Tuesday, April 04, 2006

Blackboard Blogging

The Washington Post has the story!

Take a closer look:
The teachers' lounge -- that secretive place where, students imagine, teachers sip coffee, smoke and gossip about them -- has gone global.

The blogosphere is the new lounge where teachers gather to talk about vicious administrators, educational reforms both stupid and smart, marriage, divorce and, yes, students.

Some are gossipy:
I'm going to Portland for all of next week and leaving my children without me. It feels weird to leave them for a whole week. Not to mention the fact that their sub is going to be this guy that reeks -- and I mean REEKS -- of cigarettes. I seriously have to hold my breath around him because I gag if I don't. . . . The kids are horrified by my abandonment.

-- http://www.firstyearteacher.%20blogspot.com/
Some are rooted in personal, sometimes esoteric opinion:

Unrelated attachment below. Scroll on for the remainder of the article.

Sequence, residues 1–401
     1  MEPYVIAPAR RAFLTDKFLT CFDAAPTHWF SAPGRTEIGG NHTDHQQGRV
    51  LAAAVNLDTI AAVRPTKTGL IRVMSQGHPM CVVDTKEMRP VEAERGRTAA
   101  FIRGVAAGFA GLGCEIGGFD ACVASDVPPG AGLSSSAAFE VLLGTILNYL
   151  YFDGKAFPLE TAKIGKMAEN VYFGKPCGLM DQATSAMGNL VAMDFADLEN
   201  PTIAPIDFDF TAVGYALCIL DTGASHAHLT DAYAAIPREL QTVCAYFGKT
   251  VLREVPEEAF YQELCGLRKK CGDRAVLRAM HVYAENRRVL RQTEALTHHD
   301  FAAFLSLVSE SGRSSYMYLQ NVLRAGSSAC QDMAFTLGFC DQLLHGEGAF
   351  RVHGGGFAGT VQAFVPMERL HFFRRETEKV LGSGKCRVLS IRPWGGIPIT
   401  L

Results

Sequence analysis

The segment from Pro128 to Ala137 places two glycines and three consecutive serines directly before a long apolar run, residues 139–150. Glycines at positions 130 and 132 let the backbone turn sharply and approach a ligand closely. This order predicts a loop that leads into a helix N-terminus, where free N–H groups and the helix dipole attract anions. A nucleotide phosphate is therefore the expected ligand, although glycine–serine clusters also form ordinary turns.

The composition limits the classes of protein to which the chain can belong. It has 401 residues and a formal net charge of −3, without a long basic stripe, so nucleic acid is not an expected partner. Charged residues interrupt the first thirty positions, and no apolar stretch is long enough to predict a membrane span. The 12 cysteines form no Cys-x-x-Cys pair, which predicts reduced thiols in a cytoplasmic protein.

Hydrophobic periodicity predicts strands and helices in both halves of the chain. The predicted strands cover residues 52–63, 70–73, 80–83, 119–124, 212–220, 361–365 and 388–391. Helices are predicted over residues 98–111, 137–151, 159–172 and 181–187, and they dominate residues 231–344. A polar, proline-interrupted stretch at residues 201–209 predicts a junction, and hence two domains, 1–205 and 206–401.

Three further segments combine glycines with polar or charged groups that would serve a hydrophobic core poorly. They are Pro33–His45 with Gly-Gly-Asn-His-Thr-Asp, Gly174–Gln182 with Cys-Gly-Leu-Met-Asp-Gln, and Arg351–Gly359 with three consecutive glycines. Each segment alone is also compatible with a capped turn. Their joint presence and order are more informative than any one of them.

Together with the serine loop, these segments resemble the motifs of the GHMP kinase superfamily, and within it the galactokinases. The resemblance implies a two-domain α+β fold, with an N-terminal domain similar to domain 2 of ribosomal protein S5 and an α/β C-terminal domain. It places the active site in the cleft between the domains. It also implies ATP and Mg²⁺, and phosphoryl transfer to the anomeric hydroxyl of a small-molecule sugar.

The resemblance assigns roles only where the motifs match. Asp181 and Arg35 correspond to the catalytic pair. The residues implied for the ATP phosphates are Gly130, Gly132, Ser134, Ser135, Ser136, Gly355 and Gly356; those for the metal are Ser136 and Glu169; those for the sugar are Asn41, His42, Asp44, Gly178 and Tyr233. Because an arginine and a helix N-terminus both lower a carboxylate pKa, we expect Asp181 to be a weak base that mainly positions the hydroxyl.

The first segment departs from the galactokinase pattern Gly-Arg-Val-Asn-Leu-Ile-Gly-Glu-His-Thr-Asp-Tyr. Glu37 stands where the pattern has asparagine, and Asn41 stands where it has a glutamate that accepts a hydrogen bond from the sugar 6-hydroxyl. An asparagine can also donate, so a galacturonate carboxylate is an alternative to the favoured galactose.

Yesterday I considered Robby George's argument that marriage is a unitive act of complementary persons. I agree with him. Other strategic minorities in industrial societies do not agree with him.

-- http://gruntledcenter.blogspot.com/
All give teachers a way to be heard as never before.

On one level, blogs are little more than personal journals posted on the Internet for all to see. They provide a forum for teachers to share ideas with colleagues around the world or simply talk about themselves and others. But under a wider lens, the sometimes funny, sometimes searing blogs paint what may be the rawest portrait seen of the teaching profession in transition -- and by some measures, in trouble.
I'm happy that my fellow teachers have now embraced the blogosphere. Depending on how they use them, this development will enhance their capacity to truly teach and inspire their students. Or it will further erode their basic sensibility to life beyond the Academy's bubble. Yeah, could be a mixed bag, there.

While teaching remains my day job, I don't consider myself an ed. blogger. Just take the quick tour through my archives. How many posts have I made about my work days? Exactly.

No, I'd rather expound upon the joys of Foolishness and the sorrows of being Reasonable. The larger stage of society or the smaller stage of my living room intrigue me the most.

Besides, when I blog, I'm off from work. Honestly.

So why would I want to look back?